MK - My [grandmother] gave my [mother] all her property – the barn, the land, and the livestock. Later they took it all away from us because they said we were kulaks. My father was sent to Siberia. They took all the livestock and told my father to drown it, but he said he’d rather sit in prison than drown the livestock. And he didn’t drown them, but other people did. They took everything from people. In our house, they broke all the windows, all the doors, all the paintings, and took all the linens, so that we couldn’t sleep in the house. So we slept outside. Our neighbor had a goat, and gave us glass of milk and some frostbitten potatoes every day. She ripped leaves off the trees and made pancakes, and that’s how she supported us. Mother went somewhere to find some food, and didn’t return until a month later. She brought us some beans and peas, but there was nothing to cook in, because they had broken all the pots. She borrowed a pot from our neighbor and cooked us some soup. She went again to look for food, but there was none. There was absolutely nothing to eat. We ate grass. Mostly we ate pancakes made of leaves and frostbitten potatoes that our neighbor gave us. That’s how she saved us. They took our land, our orchard, everything my grandmother had left for my mother. They said we were kulaks and didn’t have any right to it.
Almost everyone died. There was usually either just one man or one woman left [from each family]. Almost all the children died. Very few survived. Maybe some people had some gold that they could trade, but we didn’t have any. We had two cows, chickens and pigs – they took it all. What are you going to eat? There’s nothing left to eat. They didn’t bury anyone. A big cart that was used to haul cement, picked corpses up by the arms and legs, threw them on and took them to a pit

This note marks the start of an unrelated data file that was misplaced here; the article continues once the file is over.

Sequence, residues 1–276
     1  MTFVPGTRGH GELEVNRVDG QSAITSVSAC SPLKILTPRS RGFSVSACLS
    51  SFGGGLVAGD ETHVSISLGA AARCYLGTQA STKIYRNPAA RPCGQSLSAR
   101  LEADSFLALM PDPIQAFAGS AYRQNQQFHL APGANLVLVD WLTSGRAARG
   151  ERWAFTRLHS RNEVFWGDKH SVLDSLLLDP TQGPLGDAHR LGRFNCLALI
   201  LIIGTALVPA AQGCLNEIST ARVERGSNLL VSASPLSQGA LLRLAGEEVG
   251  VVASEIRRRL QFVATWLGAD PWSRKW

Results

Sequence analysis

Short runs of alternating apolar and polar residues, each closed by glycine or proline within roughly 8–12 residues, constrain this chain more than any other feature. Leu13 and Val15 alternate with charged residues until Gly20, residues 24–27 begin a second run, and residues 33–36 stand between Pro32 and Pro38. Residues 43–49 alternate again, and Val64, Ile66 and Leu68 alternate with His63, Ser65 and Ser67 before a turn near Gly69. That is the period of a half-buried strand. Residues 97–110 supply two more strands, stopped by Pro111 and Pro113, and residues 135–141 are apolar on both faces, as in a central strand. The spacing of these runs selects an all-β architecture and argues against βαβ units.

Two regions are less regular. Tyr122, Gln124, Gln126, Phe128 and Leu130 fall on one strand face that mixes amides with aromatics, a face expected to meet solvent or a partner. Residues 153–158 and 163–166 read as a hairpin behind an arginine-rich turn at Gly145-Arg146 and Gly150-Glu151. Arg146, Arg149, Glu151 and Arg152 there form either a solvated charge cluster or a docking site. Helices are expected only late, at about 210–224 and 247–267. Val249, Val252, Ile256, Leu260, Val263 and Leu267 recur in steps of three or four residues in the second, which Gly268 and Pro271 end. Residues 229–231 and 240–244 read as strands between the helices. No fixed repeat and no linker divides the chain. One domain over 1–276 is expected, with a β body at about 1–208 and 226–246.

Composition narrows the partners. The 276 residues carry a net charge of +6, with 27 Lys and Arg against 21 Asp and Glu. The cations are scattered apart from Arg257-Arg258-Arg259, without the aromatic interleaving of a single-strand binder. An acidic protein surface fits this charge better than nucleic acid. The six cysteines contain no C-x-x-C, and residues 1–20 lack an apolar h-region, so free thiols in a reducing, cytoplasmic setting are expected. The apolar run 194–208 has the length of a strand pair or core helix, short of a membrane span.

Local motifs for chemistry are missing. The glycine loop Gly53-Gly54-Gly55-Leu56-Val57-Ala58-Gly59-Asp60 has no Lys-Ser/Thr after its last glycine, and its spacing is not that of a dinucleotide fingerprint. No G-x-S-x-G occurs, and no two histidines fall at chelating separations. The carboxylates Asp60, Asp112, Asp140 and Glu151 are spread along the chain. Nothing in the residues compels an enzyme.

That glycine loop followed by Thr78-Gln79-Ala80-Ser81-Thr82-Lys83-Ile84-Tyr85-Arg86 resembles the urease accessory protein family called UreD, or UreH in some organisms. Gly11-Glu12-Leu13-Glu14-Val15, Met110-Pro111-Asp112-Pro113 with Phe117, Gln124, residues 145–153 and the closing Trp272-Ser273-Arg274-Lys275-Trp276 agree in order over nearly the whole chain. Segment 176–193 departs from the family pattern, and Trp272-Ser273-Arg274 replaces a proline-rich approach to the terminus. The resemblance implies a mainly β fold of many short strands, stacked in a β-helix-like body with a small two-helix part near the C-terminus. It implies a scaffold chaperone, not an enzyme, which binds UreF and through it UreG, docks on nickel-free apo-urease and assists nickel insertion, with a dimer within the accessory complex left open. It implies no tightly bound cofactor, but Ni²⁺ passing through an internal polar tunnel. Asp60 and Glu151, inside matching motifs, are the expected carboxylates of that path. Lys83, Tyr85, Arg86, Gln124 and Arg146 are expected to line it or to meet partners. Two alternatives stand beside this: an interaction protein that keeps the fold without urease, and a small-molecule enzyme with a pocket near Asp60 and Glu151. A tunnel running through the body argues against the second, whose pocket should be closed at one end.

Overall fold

Interviewer – You remember this?
MK – I remember this very well. I lay in the grass and watched. What could I do? I couldn’t do anything. They threw those children like chickens into the cart.
Interviewer – Where did they bury them?
MK – They didn’t bury them. They had a pit and threw them in, like mud. The pit was big enough for the entire village. Eight [of my siblings] died. There were ten of us, and two of us survived. I don’t know, I can’t fathom what misery this was. God forbid that anyone have to live through what I lived through. I remember sometimes now, and I don’t even want to think about it.